I work on Linux servers via SSH (putty) and run "screen" to preserve my sessions so I can attach/detach them at anytime I wish without losing the connectivity/process disruption which is working perfectly fine.

As my team members also have root access to those servers, it is very much possible for them to attach "MY" sessions and can see what I'm doing. Is there anyway I can't allow them to do that? To solve this issue (upto some extent), setting a time-out on my sessions would help a bit. In other words, is it possible to set a timeout on screen session within which I should re-attach (after detaching) the screen session with 12 hours (for eg timeout set to 12 hours) else that screen session should be auto-killed. Any thoughts on tailoring this requirement would be great.

Many thanks!

  • This seems like a social problem that is best solved through communicating with your team members and managers.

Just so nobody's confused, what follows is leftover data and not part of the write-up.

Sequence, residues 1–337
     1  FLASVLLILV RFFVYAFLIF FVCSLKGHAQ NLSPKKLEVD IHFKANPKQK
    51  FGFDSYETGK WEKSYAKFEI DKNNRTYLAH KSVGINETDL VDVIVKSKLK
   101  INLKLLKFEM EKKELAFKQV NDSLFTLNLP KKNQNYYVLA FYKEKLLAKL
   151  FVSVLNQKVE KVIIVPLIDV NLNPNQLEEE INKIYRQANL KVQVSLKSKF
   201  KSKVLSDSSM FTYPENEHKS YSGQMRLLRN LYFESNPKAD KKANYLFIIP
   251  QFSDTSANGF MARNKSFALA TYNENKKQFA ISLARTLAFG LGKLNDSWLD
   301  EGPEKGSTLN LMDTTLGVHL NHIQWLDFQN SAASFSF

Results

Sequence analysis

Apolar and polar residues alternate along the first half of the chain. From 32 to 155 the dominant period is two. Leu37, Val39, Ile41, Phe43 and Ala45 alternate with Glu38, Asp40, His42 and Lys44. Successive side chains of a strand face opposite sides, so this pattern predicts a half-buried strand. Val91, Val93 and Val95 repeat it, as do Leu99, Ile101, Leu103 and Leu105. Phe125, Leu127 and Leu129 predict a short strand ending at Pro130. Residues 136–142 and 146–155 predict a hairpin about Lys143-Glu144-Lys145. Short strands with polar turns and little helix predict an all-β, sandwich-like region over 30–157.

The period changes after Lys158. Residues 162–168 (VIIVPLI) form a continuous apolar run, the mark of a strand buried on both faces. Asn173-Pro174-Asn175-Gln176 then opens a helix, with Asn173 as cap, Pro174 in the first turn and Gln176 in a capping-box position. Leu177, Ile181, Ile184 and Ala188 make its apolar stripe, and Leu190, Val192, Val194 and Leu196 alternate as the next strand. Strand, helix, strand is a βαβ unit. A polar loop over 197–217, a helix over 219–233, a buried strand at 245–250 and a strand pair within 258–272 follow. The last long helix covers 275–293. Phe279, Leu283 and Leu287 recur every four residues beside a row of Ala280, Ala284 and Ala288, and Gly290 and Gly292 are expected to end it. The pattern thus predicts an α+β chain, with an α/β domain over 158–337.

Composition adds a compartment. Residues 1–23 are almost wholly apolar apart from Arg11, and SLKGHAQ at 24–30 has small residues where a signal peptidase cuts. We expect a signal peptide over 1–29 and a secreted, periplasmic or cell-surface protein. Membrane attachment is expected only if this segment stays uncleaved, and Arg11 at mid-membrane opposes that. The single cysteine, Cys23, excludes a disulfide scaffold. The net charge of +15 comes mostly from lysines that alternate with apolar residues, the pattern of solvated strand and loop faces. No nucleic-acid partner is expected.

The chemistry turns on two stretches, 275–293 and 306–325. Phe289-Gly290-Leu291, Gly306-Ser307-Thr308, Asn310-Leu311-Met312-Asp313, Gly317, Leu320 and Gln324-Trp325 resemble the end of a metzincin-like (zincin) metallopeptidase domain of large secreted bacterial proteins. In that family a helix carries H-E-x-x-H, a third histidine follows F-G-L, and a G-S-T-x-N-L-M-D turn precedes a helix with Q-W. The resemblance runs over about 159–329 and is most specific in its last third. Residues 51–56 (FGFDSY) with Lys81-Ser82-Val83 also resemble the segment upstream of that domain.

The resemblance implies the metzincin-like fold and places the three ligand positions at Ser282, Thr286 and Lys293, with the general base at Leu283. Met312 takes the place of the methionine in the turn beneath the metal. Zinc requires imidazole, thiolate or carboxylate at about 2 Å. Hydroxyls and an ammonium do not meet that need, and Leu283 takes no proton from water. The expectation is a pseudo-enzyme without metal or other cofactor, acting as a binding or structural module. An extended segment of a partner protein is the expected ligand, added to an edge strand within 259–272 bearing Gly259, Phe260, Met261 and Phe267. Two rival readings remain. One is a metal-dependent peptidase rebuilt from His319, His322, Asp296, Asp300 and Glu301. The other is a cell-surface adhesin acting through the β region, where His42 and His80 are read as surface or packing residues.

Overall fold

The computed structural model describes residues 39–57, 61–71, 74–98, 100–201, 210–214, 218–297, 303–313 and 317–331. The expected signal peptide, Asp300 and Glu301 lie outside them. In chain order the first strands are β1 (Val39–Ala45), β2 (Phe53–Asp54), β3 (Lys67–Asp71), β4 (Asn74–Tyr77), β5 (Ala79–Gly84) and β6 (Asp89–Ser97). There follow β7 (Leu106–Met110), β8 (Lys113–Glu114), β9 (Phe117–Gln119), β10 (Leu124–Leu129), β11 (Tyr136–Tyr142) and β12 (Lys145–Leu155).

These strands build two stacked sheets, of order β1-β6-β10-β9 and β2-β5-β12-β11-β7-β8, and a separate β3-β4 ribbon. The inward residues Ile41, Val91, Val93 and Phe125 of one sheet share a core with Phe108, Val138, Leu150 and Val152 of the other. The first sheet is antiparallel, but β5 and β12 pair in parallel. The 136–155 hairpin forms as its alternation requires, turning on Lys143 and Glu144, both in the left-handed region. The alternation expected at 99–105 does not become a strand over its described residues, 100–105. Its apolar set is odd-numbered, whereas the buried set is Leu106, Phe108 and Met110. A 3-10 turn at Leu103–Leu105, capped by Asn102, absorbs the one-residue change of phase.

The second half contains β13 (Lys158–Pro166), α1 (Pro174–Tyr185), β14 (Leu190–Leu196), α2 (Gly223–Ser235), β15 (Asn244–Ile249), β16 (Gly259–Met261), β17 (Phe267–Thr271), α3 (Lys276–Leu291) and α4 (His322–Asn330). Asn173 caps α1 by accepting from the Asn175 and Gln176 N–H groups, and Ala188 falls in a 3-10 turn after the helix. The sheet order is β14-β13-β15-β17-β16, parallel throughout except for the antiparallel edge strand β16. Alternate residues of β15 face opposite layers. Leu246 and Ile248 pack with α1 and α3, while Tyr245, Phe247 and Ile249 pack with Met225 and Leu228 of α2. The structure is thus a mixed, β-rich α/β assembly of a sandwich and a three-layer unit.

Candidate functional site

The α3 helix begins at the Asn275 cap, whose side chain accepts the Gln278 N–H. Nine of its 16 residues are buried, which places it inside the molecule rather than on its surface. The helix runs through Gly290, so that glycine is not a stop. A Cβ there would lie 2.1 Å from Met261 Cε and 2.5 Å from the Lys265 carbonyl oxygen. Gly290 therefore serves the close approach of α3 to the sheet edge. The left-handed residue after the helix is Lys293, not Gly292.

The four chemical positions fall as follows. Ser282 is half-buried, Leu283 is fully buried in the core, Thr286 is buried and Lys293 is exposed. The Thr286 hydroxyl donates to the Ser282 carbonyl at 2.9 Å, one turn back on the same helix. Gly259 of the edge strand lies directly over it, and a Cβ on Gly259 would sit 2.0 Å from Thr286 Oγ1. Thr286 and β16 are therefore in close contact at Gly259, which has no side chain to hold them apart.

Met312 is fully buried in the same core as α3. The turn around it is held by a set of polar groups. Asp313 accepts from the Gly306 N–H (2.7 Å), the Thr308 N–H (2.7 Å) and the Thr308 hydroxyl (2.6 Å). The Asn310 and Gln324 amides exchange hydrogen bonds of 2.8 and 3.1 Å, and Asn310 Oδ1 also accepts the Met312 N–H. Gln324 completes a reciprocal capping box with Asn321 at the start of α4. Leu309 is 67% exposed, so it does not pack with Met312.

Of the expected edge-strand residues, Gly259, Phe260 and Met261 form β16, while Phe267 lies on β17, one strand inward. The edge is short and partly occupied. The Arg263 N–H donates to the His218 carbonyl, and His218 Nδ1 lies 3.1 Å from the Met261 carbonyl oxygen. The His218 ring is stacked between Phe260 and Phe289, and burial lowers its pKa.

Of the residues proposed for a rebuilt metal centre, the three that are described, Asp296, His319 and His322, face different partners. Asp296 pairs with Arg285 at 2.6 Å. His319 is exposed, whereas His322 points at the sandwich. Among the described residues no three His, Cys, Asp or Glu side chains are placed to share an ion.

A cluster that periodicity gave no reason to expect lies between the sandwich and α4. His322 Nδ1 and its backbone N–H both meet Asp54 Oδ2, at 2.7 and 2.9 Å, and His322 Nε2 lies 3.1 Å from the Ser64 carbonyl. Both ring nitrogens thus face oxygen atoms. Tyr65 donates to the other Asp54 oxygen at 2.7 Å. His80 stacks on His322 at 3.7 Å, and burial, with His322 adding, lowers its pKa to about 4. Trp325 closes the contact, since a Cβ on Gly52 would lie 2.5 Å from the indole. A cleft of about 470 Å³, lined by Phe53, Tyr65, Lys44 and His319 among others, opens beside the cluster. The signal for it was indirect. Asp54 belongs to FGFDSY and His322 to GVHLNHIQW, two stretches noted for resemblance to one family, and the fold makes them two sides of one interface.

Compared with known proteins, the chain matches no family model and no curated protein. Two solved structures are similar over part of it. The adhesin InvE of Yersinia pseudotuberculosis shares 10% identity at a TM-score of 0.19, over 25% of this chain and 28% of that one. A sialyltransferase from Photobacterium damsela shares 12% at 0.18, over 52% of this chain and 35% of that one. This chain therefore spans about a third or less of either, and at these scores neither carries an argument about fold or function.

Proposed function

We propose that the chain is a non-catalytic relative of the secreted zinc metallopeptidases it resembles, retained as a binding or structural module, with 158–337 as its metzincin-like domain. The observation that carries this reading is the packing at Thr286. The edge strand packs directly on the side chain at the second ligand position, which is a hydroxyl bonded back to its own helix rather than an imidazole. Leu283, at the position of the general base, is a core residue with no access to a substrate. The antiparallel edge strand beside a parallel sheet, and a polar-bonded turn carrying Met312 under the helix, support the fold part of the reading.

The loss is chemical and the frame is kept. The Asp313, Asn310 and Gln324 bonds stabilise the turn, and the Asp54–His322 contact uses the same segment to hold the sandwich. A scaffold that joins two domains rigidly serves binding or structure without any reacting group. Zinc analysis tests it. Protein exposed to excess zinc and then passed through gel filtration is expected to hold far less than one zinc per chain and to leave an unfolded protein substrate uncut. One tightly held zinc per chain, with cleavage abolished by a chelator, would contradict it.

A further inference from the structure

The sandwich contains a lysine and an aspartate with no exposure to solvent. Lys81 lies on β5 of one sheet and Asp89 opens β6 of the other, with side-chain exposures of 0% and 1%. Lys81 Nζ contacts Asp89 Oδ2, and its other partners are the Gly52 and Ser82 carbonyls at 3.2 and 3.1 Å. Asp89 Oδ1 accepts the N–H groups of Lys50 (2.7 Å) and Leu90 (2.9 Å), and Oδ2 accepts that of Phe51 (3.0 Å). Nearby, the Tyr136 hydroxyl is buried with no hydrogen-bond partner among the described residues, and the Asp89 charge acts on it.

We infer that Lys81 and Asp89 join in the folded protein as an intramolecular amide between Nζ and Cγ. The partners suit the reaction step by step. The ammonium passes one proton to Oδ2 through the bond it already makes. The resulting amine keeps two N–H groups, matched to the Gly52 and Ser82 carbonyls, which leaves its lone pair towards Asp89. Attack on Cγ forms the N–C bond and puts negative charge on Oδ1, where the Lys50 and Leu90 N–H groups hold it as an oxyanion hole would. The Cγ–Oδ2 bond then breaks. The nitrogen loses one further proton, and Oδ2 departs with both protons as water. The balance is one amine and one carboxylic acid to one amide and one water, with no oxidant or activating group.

– Kusalananda
    Commented Aug 5, 2021 at 9:08

1 Answer 1


yes that's no problem. You need a setting named TMOUT. It looks like this.

setenv TMOUT 43200

you can chose if how globally it should apply. If you add this to /etc/screenrc, it'll be like this for everyone using screen. If you add this to /root/.screenrc it'll only be for screen sessions started by root. If you add this to ~/.screenrc it'll only be for screen sessions started by you.

Another option that matches what you need: You can also make screen "lock" the session automatically using

idle 900 lockscreen

This will lock it after 15 minutes, and you NEED a password configured for your user to unlock it. Watch out on home-user OS like OSX or Ubuntu which by default as a 'feature' have no root password set. There you must start the session as your (password-possessing) user. (Or log in another time and screen -r -d)

You must log in to answer this question.

Not the answer you're looking for? Browse other questions tagged .